China Retaliates; Trump Promises His Retaliation To Their Retaliation This Afternoon

Xi Jinping and Donald Trump upstaged Federal Reserve chair Jerome Powell this morning.

Powell’s Jackson Hole speech this morning was supposed to be the day’s big market event. (More on this speech in a later post.)

But this morning China announced that it would retaliate to the last round of additional 10% tariffs on $300 billion in Chinese exports to the United States with 5% to 10% tariffs on $75 billion of U.S. exports to China effective September 1 and December 15. An additional 5% tariff on American soybeans and crude-oil imports will begin next month. A suspended extra 25% duty on U.S. cars will resume December 15, with an additional 10% on top for some vehicles. With existing general duties on autos taken into account, the total tariff charged on U.S.-made cars would be as high as 50%.

Not to be left behind in the tit for tat wars U.S.  President Donald Trump tweeted that he will respond to China’s response this afternoon. (More on this as it happens.) He also ordered (whatever that actually means) U.S. companies to find alternatives to manufacturing in China.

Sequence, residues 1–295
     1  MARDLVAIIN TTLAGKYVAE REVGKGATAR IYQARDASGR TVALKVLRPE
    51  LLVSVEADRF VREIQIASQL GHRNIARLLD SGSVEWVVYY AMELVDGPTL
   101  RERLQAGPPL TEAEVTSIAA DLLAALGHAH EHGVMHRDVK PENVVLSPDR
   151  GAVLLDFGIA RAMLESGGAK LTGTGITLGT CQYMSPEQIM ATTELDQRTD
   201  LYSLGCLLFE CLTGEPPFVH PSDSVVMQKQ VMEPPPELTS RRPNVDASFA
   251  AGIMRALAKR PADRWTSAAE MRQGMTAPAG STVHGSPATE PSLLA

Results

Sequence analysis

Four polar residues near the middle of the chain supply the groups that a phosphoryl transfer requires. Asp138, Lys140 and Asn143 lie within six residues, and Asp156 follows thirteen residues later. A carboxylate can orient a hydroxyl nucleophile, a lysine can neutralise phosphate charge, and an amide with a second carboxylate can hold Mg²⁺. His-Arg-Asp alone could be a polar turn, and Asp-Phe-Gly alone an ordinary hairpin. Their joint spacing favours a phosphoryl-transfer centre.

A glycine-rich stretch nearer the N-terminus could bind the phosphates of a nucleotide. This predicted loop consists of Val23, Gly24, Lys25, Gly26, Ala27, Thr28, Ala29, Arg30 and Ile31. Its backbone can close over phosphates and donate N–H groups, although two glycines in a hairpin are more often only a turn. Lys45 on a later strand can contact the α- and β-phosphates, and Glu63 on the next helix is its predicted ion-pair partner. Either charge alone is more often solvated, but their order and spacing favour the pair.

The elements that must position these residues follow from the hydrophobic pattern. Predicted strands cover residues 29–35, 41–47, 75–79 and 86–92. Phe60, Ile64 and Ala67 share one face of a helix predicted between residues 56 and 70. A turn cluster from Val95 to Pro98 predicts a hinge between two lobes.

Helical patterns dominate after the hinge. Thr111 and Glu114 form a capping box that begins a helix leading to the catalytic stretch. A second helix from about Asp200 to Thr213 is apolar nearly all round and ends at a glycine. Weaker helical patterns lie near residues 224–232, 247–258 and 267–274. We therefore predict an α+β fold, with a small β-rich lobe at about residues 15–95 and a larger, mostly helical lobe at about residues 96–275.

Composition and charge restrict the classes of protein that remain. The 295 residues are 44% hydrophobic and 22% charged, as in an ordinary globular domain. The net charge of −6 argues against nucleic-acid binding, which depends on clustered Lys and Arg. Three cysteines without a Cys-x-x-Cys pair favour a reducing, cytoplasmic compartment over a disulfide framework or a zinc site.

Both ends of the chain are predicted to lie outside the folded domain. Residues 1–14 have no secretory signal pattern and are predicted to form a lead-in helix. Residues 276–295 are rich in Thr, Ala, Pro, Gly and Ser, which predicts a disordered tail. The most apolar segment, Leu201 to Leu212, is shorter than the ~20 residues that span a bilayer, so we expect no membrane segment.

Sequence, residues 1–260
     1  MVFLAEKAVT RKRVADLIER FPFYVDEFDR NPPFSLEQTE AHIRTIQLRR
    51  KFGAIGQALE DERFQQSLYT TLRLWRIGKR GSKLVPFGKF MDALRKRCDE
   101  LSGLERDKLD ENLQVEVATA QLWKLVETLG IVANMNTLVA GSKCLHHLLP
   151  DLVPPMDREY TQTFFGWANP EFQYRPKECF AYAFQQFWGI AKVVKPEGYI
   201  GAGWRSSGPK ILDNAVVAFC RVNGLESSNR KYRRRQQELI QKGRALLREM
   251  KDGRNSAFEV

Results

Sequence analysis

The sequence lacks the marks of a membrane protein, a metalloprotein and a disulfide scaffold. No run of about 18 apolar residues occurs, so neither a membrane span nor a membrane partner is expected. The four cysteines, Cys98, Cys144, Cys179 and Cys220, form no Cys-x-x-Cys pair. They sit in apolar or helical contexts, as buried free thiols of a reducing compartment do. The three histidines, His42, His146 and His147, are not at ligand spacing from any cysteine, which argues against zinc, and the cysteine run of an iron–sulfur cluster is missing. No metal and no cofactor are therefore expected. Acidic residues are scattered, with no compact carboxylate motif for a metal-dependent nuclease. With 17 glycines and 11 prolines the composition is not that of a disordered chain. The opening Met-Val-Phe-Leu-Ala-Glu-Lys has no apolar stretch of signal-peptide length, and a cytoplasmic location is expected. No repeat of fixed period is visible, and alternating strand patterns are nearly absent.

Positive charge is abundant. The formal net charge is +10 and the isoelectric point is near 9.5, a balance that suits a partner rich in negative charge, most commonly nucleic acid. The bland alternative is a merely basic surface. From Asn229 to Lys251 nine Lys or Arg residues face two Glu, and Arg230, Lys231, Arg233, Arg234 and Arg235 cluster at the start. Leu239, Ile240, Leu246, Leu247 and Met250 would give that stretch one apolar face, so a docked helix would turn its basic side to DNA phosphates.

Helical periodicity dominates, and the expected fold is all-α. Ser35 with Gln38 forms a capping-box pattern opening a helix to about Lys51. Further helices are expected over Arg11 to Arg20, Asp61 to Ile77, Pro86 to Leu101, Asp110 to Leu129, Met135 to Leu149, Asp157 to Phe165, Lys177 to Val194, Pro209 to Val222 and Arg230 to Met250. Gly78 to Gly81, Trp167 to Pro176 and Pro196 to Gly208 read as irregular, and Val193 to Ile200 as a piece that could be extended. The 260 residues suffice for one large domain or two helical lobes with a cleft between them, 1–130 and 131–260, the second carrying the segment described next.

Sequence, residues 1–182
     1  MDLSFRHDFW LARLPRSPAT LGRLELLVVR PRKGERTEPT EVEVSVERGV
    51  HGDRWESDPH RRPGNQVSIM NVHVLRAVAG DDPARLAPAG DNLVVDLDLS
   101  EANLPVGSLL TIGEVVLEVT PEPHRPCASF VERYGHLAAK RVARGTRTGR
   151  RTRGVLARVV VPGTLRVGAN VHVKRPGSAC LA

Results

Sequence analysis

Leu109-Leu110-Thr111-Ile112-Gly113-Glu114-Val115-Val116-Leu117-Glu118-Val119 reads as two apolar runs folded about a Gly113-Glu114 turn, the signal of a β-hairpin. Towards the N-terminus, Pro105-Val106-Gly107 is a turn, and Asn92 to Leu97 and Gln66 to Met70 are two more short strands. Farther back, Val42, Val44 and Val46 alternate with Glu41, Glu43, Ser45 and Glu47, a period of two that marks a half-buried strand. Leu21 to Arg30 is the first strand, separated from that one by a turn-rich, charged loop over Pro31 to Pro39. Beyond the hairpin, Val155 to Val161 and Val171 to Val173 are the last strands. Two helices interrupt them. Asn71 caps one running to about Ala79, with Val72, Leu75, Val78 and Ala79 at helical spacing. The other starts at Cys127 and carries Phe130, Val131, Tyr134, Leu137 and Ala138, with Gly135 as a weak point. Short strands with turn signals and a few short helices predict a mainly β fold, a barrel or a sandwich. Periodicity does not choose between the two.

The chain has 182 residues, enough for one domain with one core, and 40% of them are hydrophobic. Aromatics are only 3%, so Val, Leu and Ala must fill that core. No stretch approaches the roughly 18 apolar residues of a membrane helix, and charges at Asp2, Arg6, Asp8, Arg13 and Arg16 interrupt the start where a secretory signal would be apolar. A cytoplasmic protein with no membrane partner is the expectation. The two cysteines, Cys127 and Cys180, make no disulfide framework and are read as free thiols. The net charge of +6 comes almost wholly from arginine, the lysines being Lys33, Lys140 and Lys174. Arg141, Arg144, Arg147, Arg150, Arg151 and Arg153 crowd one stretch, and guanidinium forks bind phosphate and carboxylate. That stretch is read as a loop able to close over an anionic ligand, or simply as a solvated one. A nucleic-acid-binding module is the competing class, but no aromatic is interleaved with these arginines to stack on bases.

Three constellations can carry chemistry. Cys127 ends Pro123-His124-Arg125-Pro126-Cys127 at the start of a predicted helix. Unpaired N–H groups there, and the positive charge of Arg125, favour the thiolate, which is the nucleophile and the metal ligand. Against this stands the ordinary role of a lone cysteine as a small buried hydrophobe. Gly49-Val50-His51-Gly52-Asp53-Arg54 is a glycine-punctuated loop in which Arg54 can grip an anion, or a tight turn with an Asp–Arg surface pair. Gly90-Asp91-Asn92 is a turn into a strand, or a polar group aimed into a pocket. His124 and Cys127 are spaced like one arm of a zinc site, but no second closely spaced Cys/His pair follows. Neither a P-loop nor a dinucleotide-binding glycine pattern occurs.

U.S. financial markets were not amused by any of the retaliatory moves and the additional uncertainty introduced into the U.S. economy by the White House response.

As of 1 p.m. New York time the Standard & Poor’s 500 was down 2.07% and the Dow Jones Industrial Average was lower by 1.92%. The NASDAQ Composite was off 2.57% and the small cap Russell 2000 plunged 2.57%. The iShares Emerging Markets ETF (EEM) dropped 1.54%.

The news sent money into Treasuries, pushing yields down. The yield on the 10-year Treasury fell 10 basis points to 1.51%. The yield on the 2-year Treasury dropped to $1.51%. Yesterday the 2-year yield had been 1.60%.

Risk hedges climbed. Gold rose 1.93% to $1537.60 an ounce. Silver gained 2.17% to $17.55 an ounce.

Oil prices fell with U.S. benchmark West Texas Intermediate slumping 3.54% to $53.39 a barrel. International benchmark Brent crude slid $2.29% to $58.55 a barrel.

The U.S. dollar fell hard with the Dollar Spot Index (DXY) low by 0.48%.

The CBOE S&P 500 Volatility Index (VIX) spiked 21.2% to 20.21.